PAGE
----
Opinion

No Detention Facilities Equals Open Borders

Recently, several high profile immigration arrests have been made, only to have the charges dropped later. In these cases, the charge of human smuggling has sometimes been applied too broadly to include driving in a car with illegal aliens or sending money to family members who used the funds to cross the border illegally.  

Although these charges may not always be justified, they shouldn’t be used as an excuse to not crack down on human smuggling and illegal immigration more broadly. Most Border Patrol and ICE agents aren’t investigators or judges, nor do agents have the resources and time to investigate every situation before arresting an illegal alien and pursuing charges.

With over 144,000 undocumented aliens crossing into the United States in the last month alone, the immigration system and detention facilities are overwhelmed, underfunded, and understaffed. Nevertheless, facilities used to process immigrants have repeatedly been denied the funds they desperately need.

Additionally, Border Patrol agents are often having to provide childcare services instead of focusing on their primary job of apprehending those attempting to illegally enter the United States. To compound the issue, there are too few asylum claims investigators, processors, and judges to decide on cases promptly. With no place to house additional immigrants, illegal aliens are being increasingly released into the community, often refusing to appear on their designated court date.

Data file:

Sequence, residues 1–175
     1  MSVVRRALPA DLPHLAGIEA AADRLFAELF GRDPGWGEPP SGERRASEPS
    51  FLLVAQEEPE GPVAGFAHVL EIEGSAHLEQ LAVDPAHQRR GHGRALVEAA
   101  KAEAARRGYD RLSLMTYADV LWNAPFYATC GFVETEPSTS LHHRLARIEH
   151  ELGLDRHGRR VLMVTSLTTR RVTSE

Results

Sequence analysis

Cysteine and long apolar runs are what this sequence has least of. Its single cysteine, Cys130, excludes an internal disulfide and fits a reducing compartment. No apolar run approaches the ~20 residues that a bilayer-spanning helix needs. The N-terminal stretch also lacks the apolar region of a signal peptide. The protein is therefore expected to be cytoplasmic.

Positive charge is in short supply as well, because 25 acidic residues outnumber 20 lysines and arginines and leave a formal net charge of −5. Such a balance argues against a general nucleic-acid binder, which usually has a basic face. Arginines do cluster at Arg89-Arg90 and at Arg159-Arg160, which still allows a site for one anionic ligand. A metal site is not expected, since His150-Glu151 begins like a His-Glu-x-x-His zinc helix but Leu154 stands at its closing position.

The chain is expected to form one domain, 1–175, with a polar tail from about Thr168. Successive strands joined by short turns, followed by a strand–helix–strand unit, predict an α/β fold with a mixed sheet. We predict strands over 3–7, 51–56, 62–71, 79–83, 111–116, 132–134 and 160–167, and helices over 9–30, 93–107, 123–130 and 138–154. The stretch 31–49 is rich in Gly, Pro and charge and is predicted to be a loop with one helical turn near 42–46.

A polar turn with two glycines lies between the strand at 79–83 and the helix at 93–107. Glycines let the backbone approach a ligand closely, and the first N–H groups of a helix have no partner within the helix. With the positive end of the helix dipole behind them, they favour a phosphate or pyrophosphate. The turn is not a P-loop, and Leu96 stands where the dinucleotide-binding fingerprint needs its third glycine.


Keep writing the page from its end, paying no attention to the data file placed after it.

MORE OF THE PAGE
Detention facilities are overcrowded and poorly supplied, creating conditions that aren’t ideal. Yet, when attempts to better the circumstances are made, including the recent purchase of $200,000 worth of beds from Wayfair, Democratic lawmakers and activists call for a boycott of Wayfair, claiming that they shouldn’t be supplying beds for so-called “concentration camps” that cage children. Democrats criticize detention facilities for children sleeping on floors, but when beds are purchased for the children to sleep in, Democrats pivot to denouncing the beds as well. 

If the slippery slope of Democratic logic were applied to all goods and services purchased by detention facilities, then all companies who supply food, water, electricity, diapers, toiletries, cleaning supplies, building materials, sanitation equipment, and other necessities should also be boycotted. If essentials aren’t available because of threatened boycotts, then conditions worsen for both the workers and the immigrants. 

Democrats want detention facilities closed, however, without detention facilities to house illegal immigrants, Border Patrol would have no place to keep even a fraction of the number of asylum-seekers and other prospective immigrants until a judge could hear their cases.

Without the ability to hold even a small portion of the illegal immigrants, the United States would effectively have a completely open border. But isn’t that precisely what the Democrats want?

 

Photo by Albuquerque Film Office via Flickr